Wednesday, June 19, 2013

ritual to pray for good harvest | Wang Xizhi and the Paratextual Present

... the artist is always there, in the work, in his mark. This is a truth established at the very beginning of the Western tradition—when Protogenes recognized the presence of Apelles in a single line, the beginnings of connoisseurship—and it is central to the aesthetics of Chinese and Japanese calligraphy.

—David Rosand, "'My I': Toward an Iconography of the Self”1

It is a nearly unassailable article of faith in the Chinese tradition that through the trace of the brush, the remnant of ink left on paper, a person might be known. Wang Xizhi (303-360) stands at the historical source of this belief. As Robert Harrist explains it:

It was outside the domain of official life that calligraphy became a major art, more or less as the term is understood today, during the Eastern Chin dynasty (317-420). Founded after the north of China was lost to foreign invaders, the Eastern Chin had its capital at Chien-k'ang (modern Nanking) and was dominated by aristocratic émigré families. Among these aristocrats was Wang Hsi-chih [Wang Xizhi] ...2

The dominant mode of writing at the time as it had been established in the Han dynasty (206 BC-220 AD) tended toward the monumental, in particular stone stelae engraved with governmental decrees and commemorations. Exploiting the recent invention and increased availability of paper, Wang and his circle developed an artistic subculture enamored of individual expression and exchange, manifested in personal letters written in new running and cursive scripts, "forms of calligraphy," as Harrist writes, "in which characters are abbreviated and strokes linked in continuous motions of the brush" (89).

The real pleasure was not so much the often trivial content of the letters, "not," as Roland Barthes writes of the art of ikebana, "to read it (to read its symbolism) but to follow the trajectory of the hand which has written it."3 None of Wang's letters survive. Only copies are left, the oldest being tracing copies from the early Tang dynasty (618-906). One of these, now known under the title "Ritual to Pray for Good Harvest,"4 contains only half of the original letter. Many of the characters, particularly from other half, which survives as a separate copy, are indecipherable. When they can be deciphered, the biographical circumstance surrounding them remains hopelessly opaque. The remainder of this process of semantic erosion is calligraphy itself, a form of pulse, graphic evidence of what was.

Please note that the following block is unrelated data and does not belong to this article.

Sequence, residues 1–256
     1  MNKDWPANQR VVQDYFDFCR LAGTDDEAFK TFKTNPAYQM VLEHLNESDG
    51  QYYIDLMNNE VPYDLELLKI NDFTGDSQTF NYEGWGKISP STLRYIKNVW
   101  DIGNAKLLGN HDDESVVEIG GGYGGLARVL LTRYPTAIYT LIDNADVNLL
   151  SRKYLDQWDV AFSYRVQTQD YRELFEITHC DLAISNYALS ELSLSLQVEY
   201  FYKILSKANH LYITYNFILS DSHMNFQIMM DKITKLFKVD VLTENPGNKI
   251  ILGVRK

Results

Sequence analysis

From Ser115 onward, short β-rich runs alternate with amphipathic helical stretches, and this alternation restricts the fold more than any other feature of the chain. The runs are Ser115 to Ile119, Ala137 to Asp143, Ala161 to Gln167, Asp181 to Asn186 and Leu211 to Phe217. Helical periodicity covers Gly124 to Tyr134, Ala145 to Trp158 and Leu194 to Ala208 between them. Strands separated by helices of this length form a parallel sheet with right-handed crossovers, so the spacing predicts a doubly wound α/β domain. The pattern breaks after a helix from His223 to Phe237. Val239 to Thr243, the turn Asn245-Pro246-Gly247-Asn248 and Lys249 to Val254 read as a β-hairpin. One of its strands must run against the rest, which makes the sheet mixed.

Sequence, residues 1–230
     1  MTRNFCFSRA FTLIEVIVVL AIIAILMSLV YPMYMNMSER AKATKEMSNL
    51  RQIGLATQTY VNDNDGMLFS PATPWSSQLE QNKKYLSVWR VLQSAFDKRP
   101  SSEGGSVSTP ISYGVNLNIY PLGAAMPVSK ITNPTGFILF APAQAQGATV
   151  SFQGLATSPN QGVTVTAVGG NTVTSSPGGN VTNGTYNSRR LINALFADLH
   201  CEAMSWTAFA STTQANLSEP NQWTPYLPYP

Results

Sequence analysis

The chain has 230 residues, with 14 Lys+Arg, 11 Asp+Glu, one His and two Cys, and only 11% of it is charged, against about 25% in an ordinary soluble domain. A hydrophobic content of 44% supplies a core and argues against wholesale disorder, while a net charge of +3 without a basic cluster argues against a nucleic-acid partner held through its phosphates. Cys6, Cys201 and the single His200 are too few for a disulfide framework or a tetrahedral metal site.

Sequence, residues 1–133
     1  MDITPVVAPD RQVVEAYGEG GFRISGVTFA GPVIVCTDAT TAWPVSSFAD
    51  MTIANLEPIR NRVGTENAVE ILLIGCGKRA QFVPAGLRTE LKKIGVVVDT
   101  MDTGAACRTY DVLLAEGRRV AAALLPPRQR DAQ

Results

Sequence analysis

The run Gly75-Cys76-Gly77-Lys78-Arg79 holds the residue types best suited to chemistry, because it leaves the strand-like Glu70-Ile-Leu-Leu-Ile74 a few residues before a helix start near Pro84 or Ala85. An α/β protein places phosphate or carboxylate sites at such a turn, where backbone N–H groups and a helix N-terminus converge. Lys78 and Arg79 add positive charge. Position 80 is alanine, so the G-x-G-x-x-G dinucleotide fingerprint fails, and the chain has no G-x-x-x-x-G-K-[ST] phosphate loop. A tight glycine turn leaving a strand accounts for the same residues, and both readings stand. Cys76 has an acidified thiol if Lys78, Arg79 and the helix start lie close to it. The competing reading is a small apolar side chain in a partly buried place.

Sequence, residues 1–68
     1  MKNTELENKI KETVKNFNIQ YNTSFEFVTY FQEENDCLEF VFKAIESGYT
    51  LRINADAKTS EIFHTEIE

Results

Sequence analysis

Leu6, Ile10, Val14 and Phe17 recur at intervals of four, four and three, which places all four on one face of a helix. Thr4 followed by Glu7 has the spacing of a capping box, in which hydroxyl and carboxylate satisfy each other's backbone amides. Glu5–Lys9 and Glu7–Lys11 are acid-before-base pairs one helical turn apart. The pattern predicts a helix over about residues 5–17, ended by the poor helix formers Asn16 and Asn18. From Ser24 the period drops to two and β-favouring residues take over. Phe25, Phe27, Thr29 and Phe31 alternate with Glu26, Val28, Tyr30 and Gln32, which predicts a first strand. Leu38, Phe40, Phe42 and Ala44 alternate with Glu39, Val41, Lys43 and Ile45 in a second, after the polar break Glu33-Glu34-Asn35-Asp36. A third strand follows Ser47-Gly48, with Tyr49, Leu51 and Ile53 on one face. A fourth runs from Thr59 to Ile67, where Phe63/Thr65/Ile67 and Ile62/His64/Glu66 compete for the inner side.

Despite the cult of personality that still pertains around Wang Xizhi, what is now most strikingly present is not his particular work, or even calligraphy itself, but rather the whole paratextual complex that developed around and beyond it. The tracing copy measures only about 24 by 9 centimenters, while the scroll in which it is mounted stretches horizontally over a space of 12 feet, paper having been repeatedly added to make room for additional seals, colophons, and inscriptions. The material traces of artists, emperors, and collectors seem hardly distinguishable—a dialogic chain kept up over centuries but only recently evident as the single, fertile field of soot, cinnabar, and fiber that it is.

image: from The Embodied Image: Chinese Calligraphy from the John B. Elliott Collection, eds. Robert E. Harrist and Wen Fong (The Art Museum, Princeton University, 1999). 

1 in Robert Motherwell on Paper, ed. David Rosand (Henry H. Abrams, 1997), 26.

2 The Embodied Image: Chinese Calligraphy from the John B. Elliott Collection, eds. Robert E. Harrist and Wen Fong (The Art Museum, Princeton University, 1999), 89.

3 Empire of Signs, trans. Richard Howard (Hill and Wang, 1982), 45.

4 This tracing copy is the subject of an essay by Harrist titled "A Letter from Wang Hsi-chih and the Culture of Chinese Calligraphy" in The Embodied Image (241-259).